Resources Minister Martin Ferguson has ruled out Australia pursuing nuclear energy as an increasing number of states open the door to uranium mining.
Queensland Premier Campbell Newman on Monday reneged on an election commitment to uphold a 30-year ban on uranium mining in his state, saying Mr Ferguson's urging and the federal government's moves to sell uranium to India prompted his decision.
It came less than a fortnight after WA - where uranium mining was banned in 2002-2008 - moved a step closer to getting its first uranium mine.
NSW lifted a 26-year ban on uranium exploration in March, although mining is still not allowed.
Mr Ferguson told the National Carbon Capture Storage Conference in Perth today that a wide range of clean energy technologies including CCS would be part of the nation's future, but not nuclear power, which was expected to fall in cost.
"The Australian government has basically said we are committed to all potential forms of clean energy from an innovative point of view, other than nuclear, which is a proven clean energy technology," he told reporters.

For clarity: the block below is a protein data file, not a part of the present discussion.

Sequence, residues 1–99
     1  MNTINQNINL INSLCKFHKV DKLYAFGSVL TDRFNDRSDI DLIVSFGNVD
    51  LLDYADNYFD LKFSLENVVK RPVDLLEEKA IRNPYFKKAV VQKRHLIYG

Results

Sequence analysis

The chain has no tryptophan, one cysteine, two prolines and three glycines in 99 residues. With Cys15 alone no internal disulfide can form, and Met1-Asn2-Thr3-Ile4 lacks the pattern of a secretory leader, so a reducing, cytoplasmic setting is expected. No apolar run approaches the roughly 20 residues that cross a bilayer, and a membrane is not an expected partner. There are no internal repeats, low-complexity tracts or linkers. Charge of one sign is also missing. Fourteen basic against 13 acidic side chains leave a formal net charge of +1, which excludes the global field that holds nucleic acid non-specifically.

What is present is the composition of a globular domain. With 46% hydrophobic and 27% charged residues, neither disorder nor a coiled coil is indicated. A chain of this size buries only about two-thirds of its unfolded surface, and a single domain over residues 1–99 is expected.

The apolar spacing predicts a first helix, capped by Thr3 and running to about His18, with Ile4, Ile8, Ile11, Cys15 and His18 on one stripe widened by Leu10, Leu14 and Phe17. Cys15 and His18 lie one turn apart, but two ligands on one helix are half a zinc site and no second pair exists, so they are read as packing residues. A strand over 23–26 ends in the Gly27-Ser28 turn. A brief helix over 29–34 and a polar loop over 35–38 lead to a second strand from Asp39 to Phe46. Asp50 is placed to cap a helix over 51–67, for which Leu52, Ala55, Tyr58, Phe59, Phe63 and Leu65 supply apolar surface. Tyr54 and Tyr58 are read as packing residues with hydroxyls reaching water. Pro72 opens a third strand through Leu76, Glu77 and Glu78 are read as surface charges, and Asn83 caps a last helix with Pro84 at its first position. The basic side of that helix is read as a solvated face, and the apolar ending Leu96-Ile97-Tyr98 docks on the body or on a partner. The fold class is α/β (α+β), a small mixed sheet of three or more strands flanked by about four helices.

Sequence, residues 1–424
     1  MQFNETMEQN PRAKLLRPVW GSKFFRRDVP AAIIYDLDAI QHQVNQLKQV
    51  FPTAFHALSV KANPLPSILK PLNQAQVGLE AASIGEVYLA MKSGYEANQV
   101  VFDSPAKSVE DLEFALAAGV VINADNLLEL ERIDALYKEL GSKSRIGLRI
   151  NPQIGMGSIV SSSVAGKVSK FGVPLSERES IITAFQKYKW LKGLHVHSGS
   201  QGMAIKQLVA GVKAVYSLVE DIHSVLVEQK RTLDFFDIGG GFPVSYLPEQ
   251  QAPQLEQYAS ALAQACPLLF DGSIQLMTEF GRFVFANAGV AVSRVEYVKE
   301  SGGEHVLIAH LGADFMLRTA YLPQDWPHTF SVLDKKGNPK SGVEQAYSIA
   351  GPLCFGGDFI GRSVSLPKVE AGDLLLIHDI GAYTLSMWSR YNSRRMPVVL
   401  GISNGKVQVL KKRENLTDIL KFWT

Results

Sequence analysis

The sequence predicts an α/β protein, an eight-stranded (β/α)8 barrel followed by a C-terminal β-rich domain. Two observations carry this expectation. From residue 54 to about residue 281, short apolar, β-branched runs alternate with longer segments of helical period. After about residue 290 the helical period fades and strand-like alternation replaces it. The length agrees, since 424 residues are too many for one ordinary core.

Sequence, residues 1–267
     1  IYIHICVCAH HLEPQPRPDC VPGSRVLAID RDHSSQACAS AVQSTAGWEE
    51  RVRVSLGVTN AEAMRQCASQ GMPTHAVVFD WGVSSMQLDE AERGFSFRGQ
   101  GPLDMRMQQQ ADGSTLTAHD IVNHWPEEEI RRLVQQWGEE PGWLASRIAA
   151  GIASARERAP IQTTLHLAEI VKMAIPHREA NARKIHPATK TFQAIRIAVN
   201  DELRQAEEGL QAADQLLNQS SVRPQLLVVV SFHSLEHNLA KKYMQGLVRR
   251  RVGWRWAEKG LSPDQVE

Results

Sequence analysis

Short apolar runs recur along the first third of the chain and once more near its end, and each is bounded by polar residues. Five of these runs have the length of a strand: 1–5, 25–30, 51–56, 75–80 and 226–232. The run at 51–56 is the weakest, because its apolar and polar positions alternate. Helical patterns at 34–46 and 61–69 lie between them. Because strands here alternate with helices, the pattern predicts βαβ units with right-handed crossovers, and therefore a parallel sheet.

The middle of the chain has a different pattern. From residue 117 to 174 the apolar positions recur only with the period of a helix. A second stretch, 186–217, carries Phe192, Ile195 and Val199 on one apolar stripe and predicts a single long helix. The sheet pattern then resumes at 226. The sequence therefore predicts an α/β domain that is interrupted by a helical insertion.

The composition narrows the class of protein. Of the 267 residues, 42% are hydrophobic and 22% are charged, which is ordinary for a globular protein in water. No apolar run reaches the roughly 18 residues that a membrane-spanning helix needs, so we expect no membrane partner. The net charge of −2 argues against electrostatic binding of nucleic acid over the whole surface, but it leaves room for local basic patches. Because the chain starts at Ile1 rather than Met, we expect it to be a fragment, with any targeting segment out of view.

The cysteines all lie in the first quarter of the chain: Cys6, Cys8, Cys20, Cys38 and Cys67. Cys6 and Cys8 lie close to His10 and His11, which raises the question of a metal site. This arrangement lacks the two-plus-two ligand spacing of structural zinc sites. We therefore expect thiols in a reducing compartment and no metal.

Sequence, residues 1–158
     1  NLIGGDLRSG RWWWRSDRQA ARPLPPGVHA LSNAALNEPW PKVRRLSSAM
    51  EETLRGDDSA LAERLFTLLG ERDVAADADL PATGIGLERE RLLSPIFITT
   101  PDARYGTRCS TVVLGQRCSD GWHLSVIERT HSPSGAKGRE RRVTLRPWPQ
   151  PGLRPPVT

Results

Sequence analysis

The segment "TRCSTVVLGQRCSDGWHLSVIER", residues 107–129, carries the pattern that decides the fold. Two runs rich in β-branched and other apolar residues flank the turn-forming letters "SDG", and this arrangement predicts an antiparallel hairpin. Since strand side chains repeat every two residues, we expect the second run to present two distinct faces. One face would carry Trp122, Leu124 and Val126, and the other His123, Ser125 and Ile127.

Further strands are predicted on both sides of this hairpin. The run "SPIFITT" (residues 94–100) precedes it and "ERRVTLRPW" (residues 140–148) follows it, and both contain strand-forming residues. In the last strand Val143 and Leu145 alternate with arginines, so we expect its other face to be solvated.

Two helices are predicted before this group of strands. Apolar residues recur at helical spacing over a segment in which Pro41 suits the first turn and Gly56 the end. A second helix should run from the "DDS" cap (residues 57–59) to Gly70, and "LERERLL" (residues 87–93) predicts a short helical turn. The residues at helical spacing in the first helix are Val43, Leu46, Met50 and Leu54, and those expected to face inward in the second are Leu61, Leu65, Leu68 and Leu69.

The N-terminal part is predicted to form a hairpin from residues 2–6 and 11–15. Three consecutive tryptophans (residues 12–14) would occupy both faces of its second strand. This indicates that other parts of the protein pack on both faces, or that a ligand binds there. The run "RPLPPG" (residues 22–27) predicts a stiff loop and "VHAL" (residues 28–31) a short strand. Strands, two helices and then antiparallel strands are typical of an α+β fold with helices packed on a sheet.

Mr Ferguson also said the G8 group of countries was making progress with a 2008 target of developing 20 commercially feasible CCS operations around the world.
"They're currently at about 16," he said.
"That's despite the global financial crisis and the struggling European and North American economy."
He said development of Chevron's multibillion-dollar Gorgon LNG project on Barrow Island, which incorporates the world's largest CCS project, was proceeding as planned.
"It will be the biggest commercial deployment of carbon capture storage in the world," he said.
He refused to comment on Woodside's contentious Browse LNG project in the Kimberley, other than to say that he would await deliberations by the joint-venture partners, which had yet to make a final decision to proceed.